We identify functionalis by the presence of stroma plus glands and/or surface epithelium. Lower uterine segment surface epithelium has a characteristic appearance and is usually not accompanied by the type of stroma that we identify as being from functionalis.

  • How can the Tao Brush procure more sample than the suction straw device?
    • The suction straw device procures more tissue since it rotates and scrapes vertically. On average, the amount of tissue collected by the Tao Brush and the suction straw device are roughly equivalent. The Tao Brush® does sample a much greater percentage of the endometrium area than does the suction straw device. There is less blood in the Tao Brush specimens and the tissue fragments are smaller, but the total amount of tissue is similar. In post-menopausal women with atrophic endometria, fewer insufficient samples are collected with Tao Brush and cytology is also available for diagnosis.

  • How do you grade endometrioid carcinomas, detected by the Tao Brush, and what is the advantage histologically of this technique over suction straw device?
    • Grading of endometrial carcinomas is essentially the same as with the suction straw device with the same provisos, i.e., it is based on a sample that is not the entire endometrium. (Any office biopsy and even dilatation and curettage are the same in this respect.) Subsequently, there may be undercalls compared with the hysterectomy diagnosis due to sampling, and there may also be overcalls because a high grade, but superficial and focal change, was removed by the biopsy sample but not included in the sampling of the hysterectomy specimen.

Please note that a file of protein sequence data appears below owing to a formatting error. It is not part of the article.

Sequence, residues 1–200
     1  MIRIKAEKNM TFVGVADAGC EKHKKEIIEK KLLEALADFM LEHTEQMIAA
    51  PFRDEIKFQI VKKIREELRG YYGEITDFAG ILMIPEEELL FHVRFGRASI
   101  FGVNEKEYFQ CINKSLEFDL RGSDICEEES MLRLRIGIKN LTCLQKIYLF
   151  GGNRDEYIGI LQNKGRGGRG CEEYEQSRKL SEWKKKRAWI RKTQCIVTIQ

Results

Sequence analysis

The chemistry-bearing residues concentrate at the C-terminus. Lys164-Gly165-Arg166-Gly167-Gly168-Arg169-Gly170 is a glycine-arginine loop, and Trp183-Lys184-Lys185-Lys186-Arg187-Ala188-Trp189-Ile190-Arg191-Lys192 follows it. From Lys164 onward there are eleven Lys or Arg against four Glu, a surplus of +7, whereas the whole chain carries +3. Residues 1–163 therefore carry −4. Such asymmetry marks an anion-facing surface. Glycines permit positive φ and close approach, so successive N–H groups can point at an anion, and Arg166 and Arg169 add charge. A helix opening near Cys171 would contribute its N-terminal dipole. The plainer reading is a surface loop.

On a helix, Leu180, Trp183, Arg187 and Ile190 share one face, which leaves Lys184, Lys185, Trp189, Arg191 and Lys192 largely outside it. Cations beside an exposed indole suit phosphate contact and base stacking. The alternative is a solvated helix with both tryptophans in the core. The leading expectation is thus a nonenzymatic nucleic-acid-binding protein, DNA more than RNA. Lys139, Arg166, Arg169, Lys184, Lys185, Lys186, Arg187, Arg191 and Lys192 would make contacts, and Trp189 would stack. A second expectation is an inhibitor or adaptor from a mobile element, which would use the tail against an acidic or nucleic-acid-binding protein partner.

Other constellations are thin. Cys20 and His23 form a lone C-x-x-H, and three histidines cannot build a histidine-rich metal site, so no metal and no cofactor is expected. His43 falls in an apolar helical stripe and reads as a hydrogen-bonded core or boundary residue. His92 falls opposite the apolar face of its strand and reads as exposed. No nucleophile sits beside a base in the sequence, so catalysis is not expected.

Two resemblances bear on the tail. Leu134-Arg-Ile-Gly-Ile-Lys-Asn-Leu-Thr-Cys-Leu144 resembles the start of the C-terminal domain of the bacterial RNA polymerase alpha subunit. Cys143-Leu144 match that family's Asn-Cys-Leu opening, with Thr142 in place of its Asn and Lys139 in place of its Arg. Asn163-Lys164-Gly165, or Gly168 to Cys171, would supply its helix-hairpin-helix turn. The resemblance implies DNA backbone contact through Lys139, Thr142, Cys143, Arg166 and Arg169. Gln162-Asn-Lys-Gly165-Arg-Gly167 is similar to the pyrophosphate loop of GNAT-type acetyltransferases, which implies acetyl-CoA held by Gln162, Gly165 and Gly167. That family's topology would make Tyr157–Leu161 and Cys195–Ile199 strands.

Grading of type 1 carcinomas of endometrium in histopathology is based on percentage of solid growth pattern exclusive of squamous metaplasia. Solid growth may sometimes be seen in brush biopsy samples but we tend to rely more on cytological features. Principally (but not exclusively), the presence of grade 3 nuclear changes will up-grade an architectural type 1 grade 1 to a grade 2. The type 1 grade 3 should show discernable solid growth (unless bad luck would have it that we sampled only the 10% non-solid growth area of a grade 3 lesion) and high grade nuclear changes.

      Histologically, there is no advantage [nor any serious disadvantage] of the Tao Brush® over the suction straw device. The very important points however are two:

      • The Tao Brush® causes less pain to patients for comparable histological information (except for polyps, where the suction straw device does have an acknowledged edge)
      • Cytology can, and absolutely should, be used together with histology when evaluating Tao brush samples and the synergy of methods provides better performance, especially (but not exclusively) in the post-menopausal population where endometrium is sparse. This is not offered with the suction straw device.
  • Does ACOG or ASCCP have a position on performing cytology and histology with TruTest?
    • ACOG has taken no formal position on endometrial cytology. According to the FDA however, the Tao Brush® is a non-cervicovaginal cytology test. By convention, all non-cervicovaginal cytology tests in which sufficient material presents itself for cell block analysis should have cell blocks.